….And with new plants comes snails!
Itty bitty tiny snails eating my algae. Although sounds useful, snails are asexual and very soon I fear they will have taken over the tank! Now it’s snail pest control time 😦
IT’S ALMOST CHRISTMAS! I can’t believe how quickly November has gone, and now how quickly I’m rattling through December. What is particularly exciting about Christmas however, is not only Christmas itself, but the fact that my tank is now officially 100% cycled and come the new year, ready for fish!
I believe the level of ammonia present will be due to me continuously adding old fish food to the tank to maintain the cycle and also the fact that since adding my new plants almost 2 weeks ago, some are (expectedly) doing a little bit of dying off.
The decaying of the plants will also help attribute to my ammonia levels. This teensy bit of ammonia isn’t bothering me yet seen as I am not going to purchase any fish until the new year.
So this is what the tank is looking like now! And please, excuse all the algae on the glass.
The tank is in a nice bright spot in my kitchen, has had brand new high voltage light bulbs and I’ve not bothered to do any maintenance on keeping the glass clean. The reason for this being, is that one type of fish I wish to populate my tank with is otocinclus. Ottos are complete algae lovers, and although you can supplement their diet with algae wafers and various veggies, having some (/a lot) of naturally grown algae in your tank is a good idea for when you first get them. They shall clear that all up quickity quick.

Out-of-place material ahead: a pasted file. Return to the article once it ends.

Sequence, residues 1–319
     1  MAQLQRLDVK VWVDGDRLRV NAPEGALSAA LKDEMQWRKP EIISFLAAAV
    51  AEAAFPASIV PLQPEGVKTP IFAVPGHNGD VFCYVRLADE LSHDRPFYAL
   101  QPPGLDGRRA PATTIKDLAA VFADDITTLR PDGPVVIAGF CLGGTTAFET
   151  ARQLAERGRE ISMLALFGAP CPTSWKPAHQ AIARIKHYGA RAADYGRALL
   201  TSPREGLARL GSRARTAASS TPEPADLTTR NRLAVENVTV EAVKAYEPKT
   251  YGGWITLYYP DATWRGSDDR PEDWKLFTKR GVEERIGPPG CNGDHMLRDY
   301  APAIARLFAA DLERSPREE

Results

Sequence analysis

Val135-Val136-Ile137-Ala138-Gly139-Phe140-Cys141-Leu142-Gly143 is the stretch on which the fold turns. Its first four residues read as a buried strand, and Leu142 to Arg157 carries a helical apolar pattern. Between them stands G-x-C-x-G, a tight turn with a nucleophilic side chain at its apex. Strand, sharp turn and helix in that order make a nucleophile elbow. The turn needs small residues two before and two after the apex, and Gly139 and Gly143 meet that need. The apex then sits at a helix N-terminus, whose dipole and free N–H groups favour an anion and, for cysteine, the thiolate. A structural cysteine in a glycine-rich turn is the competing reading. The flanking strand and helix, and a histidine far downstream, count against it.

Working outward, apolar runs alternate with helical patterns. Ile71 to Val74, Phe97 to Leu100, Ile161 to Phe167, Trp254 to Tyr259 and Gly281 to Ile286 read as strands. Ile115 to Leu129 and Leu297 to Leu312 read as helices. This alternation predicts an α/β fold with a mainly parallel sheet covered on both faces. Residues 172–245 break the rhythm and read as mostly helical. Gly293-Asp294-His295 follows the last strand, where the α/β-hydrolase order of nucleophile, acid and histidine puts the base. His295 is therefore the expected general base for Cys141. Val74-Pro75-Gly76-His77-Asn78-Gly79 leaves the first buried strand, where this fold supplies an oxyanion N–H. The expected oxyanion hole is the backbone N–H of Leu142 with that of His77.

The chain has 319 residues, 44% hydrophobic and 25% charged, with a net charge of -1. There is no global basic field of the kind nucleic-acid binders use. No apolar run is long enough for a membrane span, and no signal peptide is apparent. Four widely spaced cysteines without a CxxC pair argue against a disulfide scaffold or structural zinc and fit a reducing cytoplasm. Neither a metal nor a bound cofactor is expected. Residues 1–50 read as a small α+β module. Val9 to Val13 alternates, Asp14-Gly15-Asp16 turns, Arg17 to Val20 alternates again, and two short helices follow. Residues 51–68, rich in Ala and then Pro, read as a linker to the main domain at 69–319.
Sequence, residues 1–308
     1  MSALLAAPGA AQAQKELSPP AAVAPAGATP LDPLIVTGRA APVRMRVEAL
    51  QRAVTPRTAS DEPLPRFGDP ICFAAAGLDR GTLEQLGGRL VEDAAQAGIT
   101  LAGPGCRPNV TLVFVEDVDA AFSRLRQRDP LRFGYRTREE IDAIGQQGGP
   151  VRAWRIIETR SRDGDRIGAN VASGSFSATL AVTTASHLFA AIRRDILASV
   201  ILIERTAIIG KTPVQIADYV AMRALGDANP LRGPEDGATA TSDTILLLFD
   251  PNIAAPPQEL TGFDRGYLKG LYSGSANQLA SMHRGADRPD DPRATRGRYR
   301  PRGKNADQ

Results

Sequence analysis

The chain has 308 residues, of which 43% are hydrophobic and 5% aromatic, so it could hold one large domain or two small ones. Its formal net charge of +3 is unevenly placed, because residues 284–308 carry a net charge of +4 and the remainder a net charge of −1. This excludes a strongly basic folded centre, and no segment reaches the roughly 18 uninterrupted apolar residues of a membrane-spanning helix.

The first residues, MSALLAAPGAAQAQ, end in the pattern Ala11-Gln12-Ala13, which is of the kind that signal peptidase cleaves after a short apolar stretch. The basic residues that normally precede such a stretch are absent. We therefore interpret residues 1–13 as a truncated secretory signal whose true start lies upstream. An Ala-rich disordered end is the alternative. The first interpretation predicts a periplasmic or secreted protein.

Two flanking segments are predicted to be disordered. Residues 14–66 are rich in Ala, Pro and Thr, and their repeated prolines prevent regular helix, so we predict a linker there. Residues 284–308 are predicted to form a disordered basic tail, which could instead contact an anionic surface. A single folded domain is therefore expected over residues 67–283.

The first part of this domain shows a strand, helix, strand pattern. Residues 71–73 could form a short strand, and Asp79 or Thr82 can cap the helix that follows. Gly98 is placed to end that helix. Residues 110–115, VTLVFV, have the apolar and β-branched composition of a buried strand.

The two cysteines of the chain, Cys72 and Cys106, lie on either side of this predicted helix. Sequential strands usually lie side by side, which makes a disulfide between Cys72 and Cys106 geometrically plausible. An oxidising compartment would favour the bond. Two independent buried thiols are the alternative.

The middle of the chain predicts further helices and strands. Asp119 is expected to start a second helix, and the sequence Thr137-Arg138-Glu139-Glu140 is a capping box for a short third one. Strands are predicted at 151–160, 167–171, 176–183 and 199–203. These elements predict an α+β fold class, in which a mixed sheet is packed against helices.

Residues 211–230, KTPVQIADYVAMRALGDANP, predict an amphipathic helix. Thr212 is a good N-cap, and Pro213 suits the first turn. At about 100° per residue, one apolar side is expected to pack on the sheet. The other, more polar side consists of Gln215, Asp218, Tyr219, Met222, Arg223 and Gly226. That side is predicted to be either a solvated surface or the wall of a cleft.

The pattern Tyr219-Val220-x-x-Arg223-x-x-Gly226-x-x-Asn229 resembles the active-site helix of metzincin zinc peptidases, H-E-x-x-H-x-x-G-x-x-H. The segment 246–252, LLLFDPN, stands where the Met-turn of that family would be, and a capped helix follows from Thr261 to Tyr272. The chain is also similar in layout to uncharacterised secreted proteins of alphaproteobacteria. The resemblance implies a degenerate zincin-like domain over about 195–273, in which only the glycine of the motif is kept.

Besides the plants, my tank hasn’t been exactly devoid of life. For the last few weeks my tank has been home to loads of little squiddly widdlies (a pet name). I believe they are possibly nematodes or even midge fly larvae. They squirm around my tank for a week or two and then suddenly I have a load of little dead fly all over the surface of the water.
Completely unharmful to fish (if anything the fish’d happily eat them) and have been relatively amusing to watch. I believe I have them since I kept the tank in the kitchen for months with a small amount of water sitting in it and no lid. Now that there is a lid, all the emerging midges are dying on the surface for there is no way to escape and not being able to lay any more eggs. So our neighbouring squiddly widdlies should soon all die out. I must admit, I’m not going to miss the constant midge fishing every morning…
ROLL ON 2012!…
Whilst my tank is cycling (which I’m almost inclined to say it has done, as we’re getting small signs of nitrates and only the slightest traces of ammonia and nitrite left) I decided that I wanted to start getting it planted!